Somebody’s got to say it, so here is my latest political commentary. I have also posted it here on The Xenophile Historian.
Who will run for president in 2016? I have tried to ignore the question, because as I write this, the election is three years away, for crying out loud! Still, I’m astonished at how many folks think Hillary Clinton is a shoo-in for the Democratic nomination in 2016. Not so fast, reporters, your bias is showing again. At best, Hillary will have to fight somebody to get it, the way she fought Barack Obama in 2008. She has some serious personal flaws, and not too many people are talking about them. I’m not talking about the emotional and political baggage from being in the news headlines for two decades – we all know about that. I’m talking chronology; she’s too old to run for president anymore. By the time 2016 rolls around, she will be 69 years old, the same age Ronald Reagan was when he got elected. Does anybody remember when Democrats thought Reagan was too old to run?
A related problem is that by 2016, Hillary will have expired. Politicians may last longer than the food you buy in the supermarket, but they have expiration dates, too. According to columnist Jonathan Rauch, once a politician wins a major office – meaning he is a governor, member of Congress, or mayor of a big city – he has fourteen years to get elected president or vice president, before the voters get tired of him and start looking for fresher faces.
So you don’t think I came up with this, I recommend you read Rauch’s column on the subject: Who Can Win in 2004? He wrote it back in 2003, but it’s still relevant. There he gives all the details, all the numbers, involved with the 14-year theory, and they haven’t changed since then. In a nutshell, almost every president, from Theodore Roosevelt onward, became president or vice president within fourteen years of when he first achieved one of the major offices mentioned above. Rauch started counting with Teddy because it was at the beginning of the twentieth century when presidential primaries were invented. Before that time, it was mainly party leaders choosing who would get the nomination; the rank and file voters had little or no input on the process. Since then, the only exception to the “Law of 14" has been Lyndon Johnson, because John F. Kennedy picked him for his running mate after he had been in Congress for twenty-three years. Even so, because of the law, we can say that if LBJ had been nominated as the Democratic candidate in 1960, instead of JFK, he would not have beaten Richard Nixon.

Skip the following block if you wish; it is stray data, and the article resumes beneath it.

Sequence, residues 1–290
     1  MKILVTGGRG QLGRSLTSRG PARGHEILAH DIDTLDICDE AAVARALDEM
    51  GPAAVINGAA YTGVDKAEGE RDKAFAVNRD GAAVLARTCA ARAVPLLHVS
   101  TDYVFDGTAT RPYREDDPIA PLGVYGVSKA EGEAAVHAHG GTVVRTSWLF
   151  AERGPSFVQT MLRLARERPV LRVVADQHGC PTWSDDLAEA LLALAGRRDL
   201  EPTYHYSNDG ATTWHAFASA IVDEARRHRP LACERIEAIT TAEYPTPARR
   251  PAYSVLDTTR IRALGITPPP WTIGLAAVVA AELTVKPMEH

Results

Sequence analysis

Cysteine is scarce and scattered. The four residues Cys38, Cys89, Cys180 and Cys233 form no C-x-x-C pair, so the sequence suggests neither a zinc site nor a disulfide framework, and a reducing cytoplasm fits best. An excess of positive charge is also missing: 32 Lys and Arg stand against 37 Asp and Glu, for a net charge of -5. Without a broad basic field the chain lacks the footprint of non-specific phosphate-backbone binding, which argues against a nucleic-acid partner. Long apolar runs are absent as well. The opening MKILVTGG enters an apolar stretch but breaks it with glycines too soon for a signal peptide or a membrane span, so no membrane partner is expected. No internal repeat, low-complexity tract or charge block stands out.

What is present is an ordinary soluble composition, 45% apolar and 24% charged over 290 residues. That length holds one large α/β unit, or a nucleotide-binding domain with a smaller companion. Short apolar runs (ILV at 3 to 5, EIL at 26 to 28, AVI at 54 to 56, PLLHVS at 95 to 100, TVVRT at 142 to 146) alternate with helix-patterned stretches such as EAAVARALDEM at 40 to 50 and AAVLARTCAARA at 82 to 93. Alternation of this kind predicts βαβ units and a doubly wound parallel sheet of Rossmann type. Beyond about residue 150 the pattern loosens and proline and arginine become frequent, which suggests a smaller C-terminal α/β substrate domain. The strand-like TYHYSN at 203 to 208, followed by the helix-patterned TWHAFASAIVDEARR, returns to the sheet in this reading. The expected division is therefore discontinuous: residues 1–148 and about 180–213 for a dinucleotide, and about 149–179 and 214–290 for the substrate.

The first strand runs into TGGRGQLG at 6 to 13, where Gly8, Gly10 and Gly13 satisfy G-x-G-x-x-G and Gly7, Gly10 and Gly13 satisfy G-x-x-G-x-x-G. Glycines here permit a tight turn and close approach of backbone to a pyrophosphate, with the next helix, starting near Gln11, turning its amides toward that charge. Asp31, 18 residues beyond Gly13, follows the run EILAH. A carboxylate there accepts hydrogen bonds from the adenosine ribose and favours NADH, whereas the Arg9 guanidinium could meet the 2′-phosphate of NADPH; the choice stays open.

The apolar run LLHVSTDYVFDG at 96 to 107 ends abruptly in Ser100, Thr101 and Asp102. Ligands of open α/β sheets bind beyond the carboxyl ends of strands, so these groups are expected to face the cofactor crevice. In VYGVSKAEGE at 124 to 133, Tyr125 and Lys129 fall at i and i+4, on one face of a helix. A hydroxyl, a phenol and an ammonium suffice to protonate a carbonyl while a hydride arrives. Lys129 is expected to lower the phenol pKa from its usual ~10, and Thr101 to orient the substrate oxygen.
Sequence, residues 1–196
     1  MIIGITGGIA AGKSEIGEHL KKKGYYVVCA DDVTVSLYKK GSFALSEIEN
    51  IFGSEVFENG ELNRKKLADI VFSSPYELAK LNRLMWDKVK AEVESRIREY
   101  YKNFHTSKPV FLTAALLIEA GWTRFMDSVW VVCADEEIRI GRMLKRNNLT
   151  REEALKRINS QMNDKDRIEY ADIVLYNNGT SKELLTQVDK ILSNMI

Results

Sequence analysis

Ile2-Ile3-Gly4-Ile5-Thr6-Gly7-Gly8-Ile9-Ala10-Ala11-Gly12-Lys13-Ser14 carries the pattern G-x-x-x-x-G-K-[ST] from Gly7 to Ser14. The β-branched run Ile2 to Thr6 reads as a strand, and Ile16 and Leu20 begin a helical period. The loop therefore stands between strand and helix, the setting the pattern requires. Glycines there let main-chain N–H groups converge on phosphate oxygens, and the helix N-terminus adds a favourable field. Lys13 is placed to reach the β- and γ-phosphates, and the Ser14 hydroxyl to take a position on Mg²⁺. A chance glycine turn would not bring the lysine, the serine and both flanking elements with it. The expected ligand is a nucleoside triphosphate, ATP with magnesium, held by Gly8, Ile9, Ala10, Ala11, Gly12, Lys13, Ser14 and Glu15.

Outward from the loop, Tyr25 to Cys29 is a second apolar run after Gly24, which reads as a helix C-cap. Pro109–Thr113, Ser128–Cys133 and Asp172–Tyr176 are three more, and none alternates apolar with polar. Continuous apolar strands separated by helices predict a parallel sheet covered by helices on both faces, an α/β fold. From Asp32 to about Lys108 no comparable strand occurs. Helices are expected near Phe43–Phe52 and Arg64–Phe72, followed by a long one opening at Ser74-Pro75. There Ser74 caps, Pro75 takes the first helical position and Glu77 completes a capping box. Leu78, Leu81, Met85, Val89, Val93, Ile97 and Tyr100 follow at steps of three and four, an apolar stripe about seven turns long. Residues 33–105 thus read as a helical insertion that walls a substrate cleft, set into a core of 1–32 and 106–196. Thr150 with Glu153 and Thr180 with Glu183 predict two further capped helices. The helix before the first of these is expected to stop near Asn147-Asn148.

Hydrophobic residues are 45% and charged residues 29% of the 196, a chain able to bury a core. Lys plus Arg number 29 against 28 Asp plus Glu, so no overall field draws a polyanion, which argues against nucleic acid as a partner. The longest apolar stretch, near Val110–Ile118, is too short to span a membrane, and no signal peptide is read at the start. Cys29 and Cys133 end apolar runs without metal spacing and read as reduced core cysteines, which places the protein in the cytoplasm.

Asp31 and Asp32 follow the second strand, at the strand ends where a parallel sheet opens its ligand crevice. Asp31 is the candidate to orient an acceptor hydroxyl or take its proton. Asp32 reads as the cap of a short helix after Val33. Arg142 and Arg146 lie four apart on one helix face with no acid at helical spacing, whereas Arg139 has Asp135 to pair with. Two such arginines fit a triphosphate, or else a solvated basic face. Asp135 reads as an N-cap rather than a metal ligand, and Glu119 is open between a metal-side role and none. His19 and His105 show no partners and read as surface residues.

The vice presidency is a special case. For some reason the clock stops ticking once somebody becomes vice president, and his years in the number two spot are not added toward the fourteen years he has to become president. Maybe it’s because we don’t pay attention to vice presidents most of the time. But once he leaves the vice presidency, the clock resumes. Probably the best example of how this works came from Nixon, who was elected president twenty-two years after he first ran for Congress, but because he had been vice president for eight years under the Eisenhower administration, only fourteen of those years count, meaning he won exactly on the expiration date.
Now how has the rule held up since 2003? Well, it correctly predicted the winners in both 2004 and 2008. John Kerry had been a senator for twenty years, and John McCain had been one for twenty-six, so both of them were too stale to win. It also gave me an idea of how things would go in 2012. By the time the primaries started, four Republicans were left, and among them, only Mitt Romney was still fresh, having won his first major office ten years earlier. The shelf life had already run out on Rick Santorum, Newt Gingrich and Ron Paul. That would not have kept Santorum, Gingrich or Paul from getting the nomination, but if they had, I would have known right there that the Republicans weren’t going to win. Of course Romney didn’t win either, but you probably remember how the election was too close to call for a long time; only Romney had a fighting chance against Obama.
With Hillary, whether you count from when she became first lady (1992) or when she became a senator (2000), she has been in the national spotlight too long to be considered fresh. Sorry Ms. Clinton, by the time the Obama administration is done, you will probably be done, too. Hope you enjoy retirement.
"Politicians are like diapers, both need to be changed often, for the same reason."–Anonymous